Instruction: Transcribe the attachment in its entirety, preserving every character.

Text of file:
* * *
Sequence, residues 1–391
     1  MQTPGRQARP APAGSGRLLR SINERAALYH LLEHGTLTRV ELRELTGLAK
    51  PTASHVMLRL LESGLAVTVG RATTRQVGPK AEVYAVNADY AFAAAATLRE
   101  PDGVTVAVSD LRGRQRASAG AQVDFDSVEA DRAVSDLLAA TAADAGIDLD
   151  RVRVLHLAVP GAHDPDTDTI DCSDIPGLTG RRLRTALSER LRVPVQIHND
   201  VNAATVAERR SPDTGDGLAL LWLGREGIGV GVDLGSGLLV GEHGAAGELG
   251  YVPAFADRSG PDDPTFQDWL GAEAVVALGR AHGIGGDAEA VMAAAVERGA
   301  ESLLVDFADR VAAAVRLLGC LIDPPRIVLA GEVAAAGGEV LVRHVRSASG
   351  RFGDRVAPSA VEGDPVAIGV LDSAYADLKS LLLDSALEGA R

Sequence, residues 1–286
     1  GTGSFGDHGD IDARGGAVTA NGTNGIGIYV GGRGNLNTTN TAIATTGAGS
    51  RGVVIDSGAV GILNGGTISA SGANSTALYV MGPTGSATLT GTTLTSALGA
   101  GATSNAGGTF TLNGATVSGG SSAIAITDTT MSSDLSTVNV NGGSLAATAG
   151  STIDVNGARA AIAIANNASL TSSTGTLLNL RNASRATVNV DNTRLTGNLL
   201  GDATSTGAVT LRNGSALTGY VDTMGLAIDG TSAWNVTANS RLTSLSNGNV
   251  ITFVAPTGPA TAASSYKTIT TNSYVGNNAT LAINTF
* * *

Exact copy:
Sequence, residues 1–391
     1  MQTPGRQARP APAGSGRLLR SINERAALYH LLEHGTLTRV ELRELTGLAK
    51  PTASHVMLRL LESGLAVTVG RATTRQVGPK AEVYAVNADY AFAAAATLRE
   101  PDGVTVAVSD LRGRQRASAG AQVDFDSVEA DRAVSDLLAA TAADAGIDLD
   151  RVRVLHLAVP GAHDPDTDTI DCSDIPGLTG RRLRTALSER LRVPVQIHND
   201  VNAATVAERR SPDTGDGLAL LWLGREGIGV GVDLGSGLLV GEHGAAGELG
   251  YVPAFADRSG PDDPTFQDWL GAEAVVALGR AHGIGGDAEA VMAAAVERGA
   301  ESLLVDFADR VAAAVRLLGC LIDPPRIVLA GEVAAAGGEV LVRHVRSASG
   351  RFGDRVAPSA VEGDPVAIGV LDSAYADLKS LLLDSALEGA R

Sequence, residues 1–286
     1  GTGSFGDHGD IDARGGAVTA NGTNGIGIYV GGRGNLNTTN TAIATTGAGS
    51  RGVVIDSGAV GILNGGTISA SGANSTALYV MGPTGSATLT GTTLTSALGA
   101  GATSNAGGTF TLNGATVSGG SSAIAITDTT MSSDLSTVNV NGGSLAATAG
   151  STIDVNGARA AIAIANNASL TSSTGTLLNL RNASRATVNV DNTRLTGNLL
   201  GDATSTGAVT LRNGSALTGY VDTMGLAIDG TSAWNVTANS RLTSLSNGNV
   251  ITFVAPTGPA TAASSYKTIT TNSYVGNNAT LAINTF